Just over a month ago I wrote this column about the duty we all have to honour those men and women in uniform who put their lives on the line for our society on a daily basis. I wrote not just of the members of our armed forces who have fought in foreign theatres of war but of the thousands of extraordinary people who work putting out fires, saving lives in our hospitals and upholding law and order.
I wrote ‘Thankfully, in our mostly law abiding country the deaths of serving police officers…are rare occurrences…’ I couldn’t have possibly have foreseen that the next such tragedy of an officer being killed whilst on duty was only a few weeks away.
This week our nation was shocked and saddened by the death of Merseyside Police Officer David Phillips who died from internal injuries after he was mown down by a stolen vehicle whilst trying to apprehend the driver who was fleeing the scene of a suspected burglary.
PC Phillips was, by all accounts, an exemplary officer who mentored new recruits, helped to raise funds for charities in his down time and was a devoted husband and father to his wife Jen and two young daughters Sophie and Abigail.
Perhaps the most appropriate words to describe PC Phillips were included in the message left by his daughter, Sophie, at the scene of his death. He note simply said ‘Daddy, my hero, my super daddy, my world.’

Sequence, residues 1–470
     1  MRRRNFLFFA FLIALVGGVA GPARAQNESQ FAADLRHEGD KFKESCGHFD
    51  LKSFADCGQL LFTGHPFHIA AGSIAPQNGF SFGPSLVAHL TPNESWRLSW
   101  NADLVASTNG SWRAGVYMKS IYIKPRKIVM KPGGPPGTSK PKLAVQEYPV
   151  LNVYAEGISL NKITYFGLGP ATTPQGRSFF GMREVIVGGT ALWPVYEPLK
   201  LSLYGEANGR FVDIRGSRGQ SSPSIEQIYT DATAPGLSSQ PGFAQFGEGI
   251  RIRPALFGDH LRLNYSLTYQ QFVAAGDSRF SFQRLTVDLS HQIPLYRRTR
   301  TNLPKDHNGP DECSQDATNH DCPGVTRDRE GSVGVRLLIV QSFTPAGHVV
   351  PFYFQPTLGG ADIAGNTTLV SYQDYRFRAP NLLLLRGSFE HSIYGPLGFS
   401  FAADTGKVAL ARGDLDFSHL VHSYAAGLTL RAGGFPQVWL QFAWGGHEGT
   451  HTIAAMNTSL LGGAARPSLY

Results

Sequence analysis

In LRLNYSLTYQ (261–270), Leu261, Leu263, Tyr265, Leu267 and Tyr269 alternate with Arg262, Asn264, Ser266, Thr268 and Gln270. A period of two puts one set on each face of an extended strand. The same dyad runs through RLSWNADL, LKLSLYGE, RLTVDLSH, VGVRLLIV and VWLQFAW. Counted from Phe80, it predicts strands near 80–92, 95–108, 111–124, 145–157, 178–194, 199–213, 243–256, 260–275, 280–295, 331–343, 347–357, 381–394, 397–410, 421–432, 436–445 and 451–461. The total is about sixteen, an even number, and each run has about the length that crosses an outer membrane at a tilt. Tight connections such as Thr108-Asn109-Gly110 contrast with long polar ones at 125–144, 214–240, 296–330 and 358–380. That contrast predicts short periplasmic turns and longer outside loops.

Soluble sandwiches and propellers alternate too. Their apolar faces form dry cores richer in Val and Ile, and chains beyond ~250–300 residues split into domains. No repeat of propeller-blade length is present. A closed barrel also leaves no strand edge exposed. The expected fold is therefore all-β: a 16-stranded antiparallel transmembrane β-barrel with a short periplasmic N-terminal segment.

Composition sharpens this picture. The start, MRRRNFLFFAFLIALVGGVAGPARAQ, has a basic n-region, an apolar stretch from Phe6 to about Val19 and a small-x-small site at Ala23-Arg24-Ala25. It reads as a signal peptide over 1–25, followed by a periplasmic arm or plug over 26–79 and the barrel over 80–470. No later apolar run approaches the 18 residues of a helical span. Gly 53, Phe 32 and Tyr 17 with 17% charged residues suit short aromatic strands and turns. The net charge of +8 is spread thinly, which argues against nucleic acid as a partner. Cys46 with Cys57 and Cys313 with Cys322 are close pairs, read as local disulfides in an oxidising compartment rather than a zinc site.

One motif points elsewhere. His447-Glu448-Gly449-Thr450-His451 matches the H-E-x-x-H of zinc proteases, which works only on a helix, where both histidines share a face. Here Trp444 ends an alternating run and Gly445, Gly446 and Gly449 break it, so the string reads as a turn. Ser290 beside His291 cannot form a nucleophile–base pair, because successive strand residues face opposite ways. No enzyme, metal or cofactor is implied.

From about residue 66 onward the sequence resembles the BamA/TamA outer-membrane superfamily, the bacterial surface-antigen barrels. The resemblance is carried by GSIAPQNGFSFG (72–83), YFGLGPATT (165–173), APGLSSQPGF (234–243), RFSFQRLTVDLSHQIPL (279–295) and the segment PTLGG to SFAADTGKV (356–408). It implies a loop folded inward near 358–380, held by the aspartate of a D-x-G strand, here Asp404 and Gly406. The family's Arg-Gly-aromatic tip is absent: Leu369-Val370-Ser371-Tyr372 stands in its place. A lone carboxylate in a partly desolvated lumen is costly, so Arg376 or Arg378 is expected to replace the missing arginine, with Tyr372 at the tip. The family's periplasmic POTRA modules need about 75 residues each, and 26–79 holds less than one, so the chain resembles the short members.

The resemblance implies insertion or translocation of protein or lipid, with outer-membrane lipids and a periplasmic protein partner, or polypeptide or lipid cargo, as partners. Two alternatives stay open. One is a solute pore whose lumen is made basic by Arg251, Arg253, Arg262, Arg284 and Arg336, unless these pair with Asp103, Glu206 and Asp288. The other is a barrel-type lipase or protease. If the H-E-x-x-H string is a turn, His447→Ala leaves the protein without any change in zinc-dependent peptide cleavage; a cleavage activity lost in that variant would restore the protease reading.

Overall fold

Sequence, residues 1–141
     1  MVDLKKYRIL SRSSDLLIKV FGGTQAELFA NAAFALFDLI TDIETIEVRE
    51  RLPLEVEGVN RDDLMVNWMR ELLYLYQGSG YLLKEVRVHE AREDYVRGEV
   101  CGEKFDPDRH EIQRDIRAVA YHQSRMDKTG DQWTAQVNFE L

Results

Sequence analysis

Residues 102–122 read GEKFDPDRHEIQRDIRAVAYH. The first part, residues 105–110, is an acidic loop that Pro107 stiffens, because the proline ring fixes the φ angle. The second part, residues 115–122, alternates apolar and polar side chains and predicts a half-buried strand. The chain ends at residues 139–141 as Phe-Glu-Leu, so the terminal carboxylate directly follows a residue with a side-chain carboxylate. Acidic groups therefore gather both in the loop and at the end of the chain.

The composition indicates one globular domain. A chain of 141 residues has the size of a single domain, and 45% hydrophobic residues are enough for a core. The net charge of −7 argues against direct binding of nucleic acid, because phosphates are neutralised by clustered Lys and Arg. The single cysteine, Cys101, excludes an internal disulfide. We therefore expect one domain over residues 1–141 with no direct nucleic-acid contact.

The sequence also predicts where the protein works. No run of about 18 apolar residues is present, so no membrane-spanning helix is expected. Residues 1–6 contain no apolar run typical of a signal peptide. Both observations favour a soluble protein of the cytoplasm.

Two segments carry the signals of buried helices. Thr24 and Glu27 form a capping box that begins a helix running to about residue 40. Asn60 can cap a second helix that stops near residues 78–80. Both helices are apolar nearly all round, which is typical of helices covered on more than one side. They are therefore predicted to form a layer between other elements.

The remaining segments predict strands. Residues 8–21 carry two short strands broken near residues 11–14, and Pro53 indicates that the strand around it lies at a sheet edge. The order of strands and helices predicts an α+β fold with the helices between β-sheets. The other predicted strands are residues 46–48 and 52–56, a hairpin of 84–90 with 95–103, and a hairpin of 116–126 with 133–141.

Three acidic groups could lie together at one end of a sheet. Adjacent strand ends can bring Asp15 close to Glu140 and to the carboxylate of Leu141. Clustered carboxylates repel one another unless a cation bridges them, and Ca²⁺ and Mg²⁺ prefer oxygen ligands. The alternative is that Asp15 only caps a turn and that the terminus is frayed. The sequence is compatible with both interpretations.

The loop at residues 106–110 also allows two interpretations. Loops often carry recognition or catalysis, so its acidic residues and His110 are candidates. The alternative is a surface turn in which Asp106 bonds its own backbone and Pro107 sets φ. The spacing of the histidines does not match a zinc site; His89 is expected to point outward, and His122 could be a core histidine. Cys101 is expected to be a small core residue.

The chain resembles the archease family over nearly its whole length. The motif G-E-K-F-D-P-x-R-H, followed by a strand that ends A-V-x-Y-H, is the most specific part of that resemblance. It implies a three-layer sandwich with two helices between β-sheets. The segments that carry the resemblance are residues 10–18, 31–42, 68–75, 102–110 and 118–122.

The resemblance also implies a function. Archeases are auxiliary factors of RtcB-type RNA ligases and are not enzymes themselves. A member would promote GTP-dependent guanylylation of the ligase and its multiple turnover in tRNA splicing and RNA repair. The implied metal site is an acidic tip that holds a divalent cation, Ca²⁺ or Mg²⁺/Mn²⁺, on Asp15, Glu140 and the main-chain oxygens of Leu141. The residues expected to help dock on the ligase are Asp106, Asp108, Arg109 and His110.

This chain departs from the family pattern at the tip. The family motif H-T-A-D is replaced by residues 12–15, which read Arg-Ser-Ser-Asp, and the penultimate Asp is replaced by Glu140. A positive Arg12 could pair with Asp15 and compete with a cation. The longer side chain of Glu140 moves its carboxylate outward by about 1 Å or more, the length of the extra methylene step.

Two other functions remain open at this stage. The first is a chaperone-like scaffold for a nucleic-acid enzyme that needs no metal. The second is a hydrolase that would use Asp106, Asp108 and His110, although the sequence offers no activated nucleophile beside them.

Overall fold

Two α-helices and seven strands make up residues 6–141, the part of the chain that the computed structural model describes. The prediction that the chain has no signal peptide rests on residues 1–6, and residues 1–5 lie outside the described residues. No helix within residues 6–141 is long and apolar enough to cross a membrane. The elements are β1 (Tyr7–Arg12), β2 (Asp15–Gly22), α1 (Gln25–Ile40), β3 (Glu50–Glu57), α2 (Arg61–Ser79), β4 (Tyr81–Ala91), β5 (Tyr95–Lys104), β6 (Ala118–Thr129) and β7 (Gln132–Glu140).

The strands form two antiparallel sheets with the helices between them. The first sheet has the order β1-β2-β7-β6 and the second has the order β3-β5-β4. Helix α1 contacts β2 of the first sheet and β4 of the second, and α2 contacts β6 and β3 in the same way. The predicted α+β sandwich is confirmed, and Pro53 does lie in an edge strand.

In the grand scheme of things it means very little but I would like to thank him and his family for his service and sacrifice to our nation. PC David Phillips and his colleagues serving to protect us every day are heroes. He will not be forgotten.
As is always the case in tragedies such as these the full resources of the police service were rightly put to use to apprehend those responsible for the death of PC Phillips.
In a very short space of time arrests were made and an 18 year old man from the Wallasey area has subsequently been charged with his murder and it struck me as it does time and time again when we hear of this type of incident that it’s not just the lives of one family that were altered forever a few days ago.
Before I go any further I must be clear. This column is in absolutely no way an apology or seeking to justify the events surrounding the death of PC Phillips.
If anyone is found guilty of being culpable for the murder of a police officer during the course of his duty the full weight of the law should be brought upon him and the sentence imposed upon him should be severe. To my mind and I am sure to that of a great many more mitigation for such an abominable crime should be extremely limited.
It was, however, the age of the accused that caused me to think further.
At 18 we are all deemed in the eyes of the law to be adults. We must all take responsibility for our actions, we must all pay taxes and if we commit crimes we must face up to the consequences. That state of affairs is only right and proper.
But for anyone who has children of that age, or who works with them, we know that a great many 18 year olds are a long, long way from the maturity needed for adult life.